This Is The #1 Diet For Overall Health (According To A Panel Of Experts)

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At mindbodygreen, we believe that wellness isn't one-size-fits-all. Whatever mode of eating, moving, and breathing works best for you, we support it.

Still, we couldn’t help but be intrigued when we saw that the DASH diet was named the "best overall diet" in U.S. News & World Report's annual rankings — for the sixth year straight. So we decided to reach out to Marla Heller, a registered dietitian and the author of The DASH Diet Action Plan, to find out more about the pros of this particular eating plan.

What is the DASH diet?

Dietary Approaches to Stop Hypertension — better known as the DASH diet — was originally developed by the U.S. National Institutes of Health as a way to lower blood pressure without using medication. The researchers wanted to take the best of vegetarian and Mediterranean diets to create a plan flexible enough to accommodate the food and taste preferences of most Americans.

Because of those strengths, the DASH diet has been researched like no other diet. Not only has following this eating style been found to lower blood pressure as originally intended (in as little as 14 days), it’s also shown to be effective for long-term weight loss and for lowering the risk of type 2 diabetes, stroke, heart disease, and some cancers.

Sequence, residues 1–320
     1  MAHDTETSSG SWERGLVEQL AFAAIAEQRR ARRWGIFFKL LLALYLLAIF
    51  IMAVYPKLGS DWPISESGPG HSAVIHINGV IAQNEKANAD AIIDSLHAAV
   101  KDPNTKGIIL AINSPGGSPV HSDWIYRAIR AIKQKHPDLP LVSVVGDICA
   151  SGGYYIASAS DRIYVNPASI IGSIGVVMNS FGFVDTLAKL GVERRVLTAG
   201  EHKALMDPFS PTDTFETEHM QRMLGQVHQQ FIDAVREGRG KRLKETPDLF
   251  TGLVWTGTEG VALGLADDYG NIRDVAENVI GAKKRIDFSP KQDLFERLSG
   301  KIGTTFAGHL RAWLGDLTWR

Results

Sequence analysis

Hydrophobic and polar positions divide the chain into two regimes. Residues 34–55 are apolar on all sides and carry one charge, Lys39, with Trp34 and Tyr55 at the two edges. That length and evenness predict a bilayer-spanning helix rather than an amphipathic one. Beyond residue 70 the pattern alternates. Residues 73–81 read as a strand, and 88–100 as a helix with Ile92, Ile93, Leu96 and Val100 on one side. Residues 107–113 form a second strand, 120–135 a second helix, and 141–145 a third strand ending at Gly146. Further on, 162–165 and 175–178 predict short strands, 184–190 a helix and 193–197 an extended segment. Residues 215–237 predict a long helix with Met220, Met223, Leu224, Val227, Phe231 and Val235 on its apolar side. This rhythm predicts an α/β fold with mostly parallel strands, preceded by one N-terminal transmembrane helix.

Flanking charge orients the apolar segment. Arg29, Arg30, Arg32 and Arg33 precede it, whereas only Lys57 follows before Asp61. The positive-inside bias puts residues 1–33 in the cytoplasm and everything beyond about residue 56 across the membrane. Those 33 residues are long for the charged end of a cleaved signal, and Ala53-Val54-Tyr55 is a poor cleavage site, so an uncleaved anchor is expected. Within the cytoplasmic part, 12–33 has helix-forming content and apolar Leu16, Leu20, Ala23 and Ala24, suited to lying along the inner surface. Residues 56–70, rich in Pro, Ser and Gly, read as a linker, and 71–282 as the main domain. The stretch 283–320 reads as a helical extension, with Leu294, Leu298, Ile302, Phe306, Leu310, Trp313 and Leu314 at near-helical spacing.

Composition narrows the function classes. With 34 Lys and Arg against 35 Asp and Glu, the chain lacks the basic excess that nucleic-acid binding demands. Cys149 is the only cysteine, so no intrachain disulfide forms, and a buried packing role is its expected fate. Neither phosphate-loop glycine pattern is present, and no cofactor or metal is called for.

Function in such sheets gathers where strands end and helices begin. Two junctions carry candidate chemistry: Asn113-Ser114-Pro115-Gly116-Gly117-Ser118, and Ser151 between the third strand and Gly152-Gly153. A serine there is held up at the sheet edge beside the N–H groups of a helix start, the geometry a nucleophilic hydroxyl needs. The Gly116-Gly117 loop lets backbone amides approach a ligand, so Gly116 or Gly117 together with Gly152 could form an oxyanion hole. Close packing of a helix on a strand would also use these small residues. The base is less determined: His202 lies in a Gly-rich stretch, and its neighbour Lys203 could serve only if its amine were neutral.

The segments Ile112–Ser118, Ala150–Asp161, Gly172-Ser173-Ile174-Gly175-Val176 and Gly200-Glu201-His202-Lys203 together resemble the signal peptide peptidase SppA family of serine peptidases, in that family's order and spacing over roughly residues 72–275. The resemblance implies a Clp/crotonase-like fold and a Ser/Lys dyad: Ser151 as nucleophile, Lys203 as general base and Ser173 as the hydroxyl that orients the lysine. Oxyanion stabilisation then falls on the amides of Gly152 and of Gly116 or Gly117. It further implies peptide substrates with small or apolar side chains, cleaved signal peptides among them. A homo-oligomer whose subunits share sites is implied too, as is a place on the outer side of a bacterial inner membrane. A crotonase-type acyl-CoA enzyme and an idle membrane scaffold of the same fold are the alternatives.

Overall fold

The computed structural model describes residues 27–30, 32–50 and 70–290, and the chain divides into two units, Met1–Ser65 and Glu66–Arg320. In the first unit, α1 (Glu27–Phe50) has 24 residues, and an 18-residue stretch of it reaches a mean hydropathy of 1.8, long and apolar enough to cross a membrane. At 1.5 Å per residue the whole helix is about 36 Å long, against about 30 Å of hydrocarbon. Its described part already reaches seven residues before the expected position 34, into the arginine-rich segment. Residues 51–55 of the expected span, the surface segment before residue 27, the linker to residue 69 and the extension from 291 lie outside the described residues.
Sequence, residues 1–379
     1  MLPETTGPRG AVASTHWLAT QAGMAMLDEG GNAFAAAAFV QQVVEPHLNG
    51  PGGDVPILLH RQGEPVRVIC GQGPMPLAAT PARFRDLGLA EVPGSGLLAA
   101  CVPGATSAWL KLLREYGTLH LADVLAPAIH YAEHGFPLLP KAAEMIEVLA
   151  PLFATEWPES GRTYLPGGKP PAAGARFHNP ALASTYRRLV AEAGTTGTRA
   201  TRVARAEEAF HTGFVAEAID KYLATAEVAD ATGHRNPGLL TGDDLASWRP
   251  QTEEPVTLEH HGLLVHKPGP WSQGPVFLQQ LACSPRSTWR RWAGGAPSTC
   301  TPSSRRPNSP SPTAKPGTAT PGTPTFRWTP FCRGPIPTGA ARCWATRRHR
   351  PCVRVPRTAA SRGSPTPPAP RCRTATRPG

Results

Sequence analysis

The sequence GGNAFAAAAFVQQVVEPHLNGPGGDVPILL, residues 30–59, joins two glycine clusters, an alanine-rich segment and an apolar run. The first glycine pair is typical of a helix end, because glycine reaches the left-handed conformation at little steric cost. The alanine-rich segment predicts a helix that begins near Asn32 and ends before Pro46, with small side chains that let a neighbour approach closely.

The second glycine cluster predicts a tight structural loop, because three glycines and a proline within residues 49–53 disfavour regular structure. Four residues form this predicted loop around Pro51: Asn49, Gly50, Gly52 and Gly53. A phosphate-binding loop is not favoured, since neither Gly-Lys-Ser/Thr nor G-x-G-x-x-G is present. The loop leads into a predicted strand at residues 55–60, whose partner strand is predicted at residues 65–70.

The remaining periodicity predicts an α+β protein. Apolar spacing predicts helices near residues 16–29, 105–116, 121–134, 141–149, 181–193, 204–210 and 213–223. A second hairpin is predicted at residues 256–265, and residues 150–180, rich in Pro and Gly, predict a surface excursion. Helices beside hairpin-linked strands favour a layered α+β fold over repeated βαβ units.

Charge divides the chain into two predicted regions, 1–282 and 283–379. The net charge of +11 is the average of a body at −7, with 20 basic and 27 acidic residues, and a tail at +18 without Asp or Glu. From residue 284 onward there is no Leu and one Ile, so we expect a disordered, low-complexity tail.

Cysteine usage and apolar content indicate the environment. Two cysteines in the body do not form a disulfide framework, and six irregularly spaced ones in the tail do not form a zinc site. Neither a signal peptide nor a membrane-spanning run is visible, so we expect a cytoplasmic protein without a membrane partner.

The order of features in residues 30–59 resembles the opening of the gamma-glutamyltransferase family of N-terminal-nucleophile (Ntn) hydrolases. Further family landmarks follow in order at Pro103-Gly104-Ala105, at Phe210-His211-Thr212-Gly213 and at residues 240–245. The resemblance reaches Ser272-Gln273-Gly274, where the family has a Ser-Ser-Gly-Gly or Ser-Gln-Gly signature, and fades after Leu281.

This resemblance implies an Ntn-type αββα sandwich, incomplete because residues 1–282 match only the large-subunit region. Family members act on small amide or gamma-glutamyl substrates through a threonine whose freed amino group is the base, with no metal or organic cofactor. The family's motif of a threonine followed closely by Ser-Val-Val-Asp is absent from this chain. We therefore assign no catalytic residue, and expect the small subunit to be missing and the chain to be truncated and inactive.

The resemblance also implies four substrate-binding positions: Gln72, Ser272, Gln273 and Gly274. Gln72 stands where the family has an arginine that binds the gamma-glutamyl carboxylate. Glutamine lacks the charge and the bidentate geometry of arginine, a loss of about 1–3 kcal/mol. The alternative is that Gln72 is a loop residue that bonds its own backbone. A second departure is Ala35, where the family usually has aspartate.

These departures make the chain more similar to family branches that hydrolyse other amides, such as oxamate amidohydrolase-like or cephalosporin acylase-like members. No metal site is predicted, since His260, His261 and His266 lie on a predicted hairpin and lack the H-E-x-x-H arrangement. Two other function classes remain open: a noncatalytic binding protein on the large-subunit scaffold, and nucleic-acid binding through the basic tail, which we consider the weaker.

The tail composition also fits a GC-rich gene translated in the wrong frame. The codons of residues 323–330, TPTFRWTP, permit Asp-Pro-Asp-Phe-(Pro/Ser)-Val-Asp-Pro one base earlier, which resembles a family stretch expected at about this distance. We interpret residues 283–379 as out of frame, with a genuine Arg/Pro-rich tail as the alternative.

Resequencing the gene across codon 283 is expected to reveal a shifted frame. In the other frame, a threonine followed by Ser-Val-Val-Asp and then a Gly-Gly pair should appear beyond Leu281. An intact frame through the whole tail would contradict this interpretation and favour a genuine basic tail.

Make colorful vegetables the center of your meal.

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What does eating on the plan look like?

DASH is meant to be a manageable method of healthy eating for life. As such, there are no complicated rules, punishing restrictions, or emphasis on trendy superfoods.

Rather, the plan keeps it simple: Make fruits and vegetables the focus of your diet, along with low-fat and nonfat dairy, beans, nuts, and seeds. Moderate amounts of lean meats, fish, and poultry; whole grains; and heart-healthy fats are also included. Finally, the goal is to limit the consumption of sodium, sugar, and saturated fat.

If you're interested in trying it out, here's what else the DASH diet recommends:

  • Make colorful vegetables the center of your meal. They are bulky, filling, and healthy yet low in calories.
  • Add lean protein-rich foods to make a meal that satisfies and won’t leave you hungry an hour later.
  • Dairy foods that are low-fat or nonfat boost protein intake, provide key nutrients, and help satisfy hunger.
  • Add fresh fruits to satisfy your sweet tooth the natural way.
  • Nuts and seeds make fun snacks, are good for your heart, and help you lose weight.
  • When you include grains, make them mostly whole grains.
  • Have at least three meals and one to two snacks every day. Deprivation doesn’t lead to lasting weight loss, and you usually miss out on key nutrients.

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